#TBT 1940s Heuer Ref. 349 Watch Discovered In A Cellar
Imagine you had this watch in your cellar for 15 years and you had no clue. Simply because the day you bought the flat, you moved all the old stuff belonging to the previous owner there and you haven’t found the time to go through it. That was until last month and the day you discovered this stunning Heuer ref. 349 in an old box…
A true story. Katarina, a young archeologist from Nitra in Slovak republic contacted my watchmaker, asking if he would be able to identify the watch she found in a cellar and bring it back to life. When I saw this Heuer with heavily cracked and yellowing plexiglass a few weeks ago, I was sure there would be an untouched dial hiding beneath it. Last weekend, my watchmaker called me again. The Heuer ref. 349 was fully serviced and ready for shooting for today’s #TBT.
A Heuer you won’t find every year
Or to be precise, a Heuer you maybe won’t find in a lifetime. First of all, most of the chromium-plated and nickel cased watches have suffered an unfortunate fate. To find a chromium-plated chronograph from the 1940s in a condition that you have to check it twice to be sure about the plating, that’s pretty interesting. Make it a black-dialed Heuer with a telemeter and tachymeter scale, and you have good reason to get excited. Throw in a 36mm diameter case, so-called “big-eyes“ sub-registers and you have an excuse to paint the town red…
The original owner was called Rudolf Malina and he was born in the 1920s. He graduated as an engineer and became a land surveyor. He later worked as a lead engineer at Geodesy Authority in Nitra, the city he died in. His wife was a Latin professor that studied in Budapest, Hungary, and came from a wealthy family. As such, it was probably her that gave him the Heuer watch. They had no kids and after the death of his wife all the relatives turned their backs on him. Katarina’s mum knew Rudolf from the office and decided to look after him in his last years. When Rudolf died in 2005, all his stuff ended up in boxes in the cellar.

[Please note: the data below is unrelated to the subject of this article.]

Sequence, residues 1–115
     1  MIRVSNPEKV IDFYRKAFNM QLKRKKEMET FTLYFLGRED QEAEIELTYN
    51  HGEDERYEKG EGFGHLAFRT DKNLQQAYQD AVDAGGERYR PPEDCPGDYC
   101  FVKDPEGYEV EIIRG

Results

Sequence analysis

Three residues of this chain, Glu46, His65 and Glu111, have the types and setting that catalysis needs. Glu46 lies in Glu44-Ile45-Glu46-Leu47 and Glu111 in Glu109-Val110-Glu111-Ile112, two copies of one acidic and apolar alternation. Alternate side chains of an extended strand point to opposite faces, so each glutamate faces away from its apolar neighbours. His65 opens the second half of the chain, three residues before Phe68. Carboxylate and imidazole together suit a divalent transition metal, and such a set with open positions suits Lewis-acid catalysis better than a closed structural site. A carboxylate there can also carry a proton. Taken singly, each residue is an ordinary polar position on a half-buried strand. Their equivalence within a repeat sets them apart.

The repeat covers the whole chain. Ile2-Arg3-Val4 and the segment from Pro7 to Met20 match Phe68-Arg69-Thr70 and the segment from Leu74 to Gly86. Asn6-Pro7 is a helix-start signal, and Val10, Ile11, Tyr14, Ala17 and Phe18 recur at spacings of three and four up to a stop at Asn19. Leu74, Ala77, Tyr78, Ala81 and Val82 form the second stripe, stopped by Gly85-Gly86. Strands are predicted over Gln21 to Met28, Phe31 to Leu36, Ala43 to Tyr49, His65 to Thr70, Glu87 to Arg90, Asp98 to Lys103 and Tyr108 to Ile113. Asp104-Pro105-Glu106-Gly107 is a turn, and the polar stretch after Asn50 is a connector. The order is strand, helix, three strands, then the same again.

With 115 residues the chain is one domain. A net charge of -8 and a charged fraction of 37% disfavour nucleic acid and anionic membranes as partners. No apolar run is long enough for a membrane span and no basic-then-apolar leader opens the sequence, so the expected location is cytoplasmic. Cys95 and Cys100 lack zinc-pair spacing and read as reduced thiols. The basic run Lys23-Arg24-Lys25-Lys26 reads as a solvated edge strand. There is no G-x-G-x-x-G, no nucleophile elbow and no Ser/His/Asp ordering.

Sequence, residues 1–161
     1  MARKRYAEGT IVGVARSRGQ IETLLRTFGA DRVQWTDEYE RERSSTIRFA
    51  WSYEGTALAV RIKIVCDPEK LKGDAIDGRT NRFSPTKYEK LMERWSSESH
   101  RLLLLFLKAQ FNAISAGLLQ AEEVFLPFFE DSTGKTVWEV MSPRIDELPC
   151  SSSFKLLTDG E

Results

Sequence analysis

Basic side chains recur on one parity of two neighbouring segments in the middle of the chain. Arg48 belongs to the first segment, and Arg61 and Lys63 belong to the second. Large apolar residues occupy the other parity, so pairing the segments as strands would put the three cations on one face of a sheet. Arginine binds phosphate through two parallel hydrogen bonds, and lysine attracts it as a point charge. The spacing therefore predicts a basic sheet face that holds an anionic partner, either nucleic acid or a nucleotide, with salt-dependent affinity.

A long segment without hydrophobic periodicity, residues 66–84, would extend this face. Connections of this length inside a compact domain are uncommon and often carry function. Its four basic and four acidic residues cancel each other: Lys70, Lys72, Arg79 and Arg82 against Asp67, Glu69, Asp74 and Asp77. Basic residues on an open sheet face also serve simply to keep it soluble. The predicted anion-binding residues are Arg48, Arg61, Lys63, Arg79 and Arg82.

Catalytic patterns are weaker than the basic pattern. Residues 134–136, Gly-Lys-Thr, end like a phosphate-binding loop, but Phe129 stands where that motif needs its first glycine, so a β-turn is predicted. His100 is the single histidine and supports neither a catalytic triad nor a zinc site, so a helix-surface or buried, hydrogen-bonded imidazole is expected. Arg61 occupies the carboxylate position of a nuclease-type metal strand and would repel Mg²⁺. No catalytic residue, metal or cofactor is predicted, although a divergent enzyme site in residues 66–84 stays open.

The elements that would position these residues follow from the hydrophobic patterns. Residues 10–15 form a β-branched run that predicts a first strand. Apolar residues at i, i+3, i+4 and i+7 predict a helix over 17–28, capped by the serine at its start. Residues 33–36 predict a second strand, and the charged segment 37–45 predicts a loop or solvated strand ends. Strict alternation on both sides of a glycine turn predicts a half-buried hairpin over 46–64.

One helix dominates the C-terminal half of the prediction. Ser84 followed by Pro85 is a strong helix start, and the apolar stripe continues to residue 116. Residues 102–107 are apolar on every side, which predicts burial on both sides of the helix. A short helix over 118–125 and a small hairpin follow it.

The lady that found the watch is an archeologist with no passion for watches. But she is passionate about everything historical and, as she says, “It’s my professional deformation.“ As she plans to move out to Austria soon, she finally decided to sort out stuff in the cellar after many years. “I don’t know anything about watches, but I liked this Heuer from the first moment I saw it. And it looks like it found me. As it reminds me of Rudolf, I decided to service it and keep it,“ explains Katarina.
Not many of them to see
To find another piece is not easy at all/ And I’m talking about finding a piece to use as reference material. It would be far harder still to find one in this condition for sale. You can find an almost identical piece listed at OnTheDash.com, which is the great information source on Heuer watches. According to the site this particular chromium-plated ref. 349 was introduced in 1942 and was first listed in the 1943 catalog. Based on the slightly updated Tachymeter scale and logo I assume that Katarina’s piece might be a slightly later version of the same reference.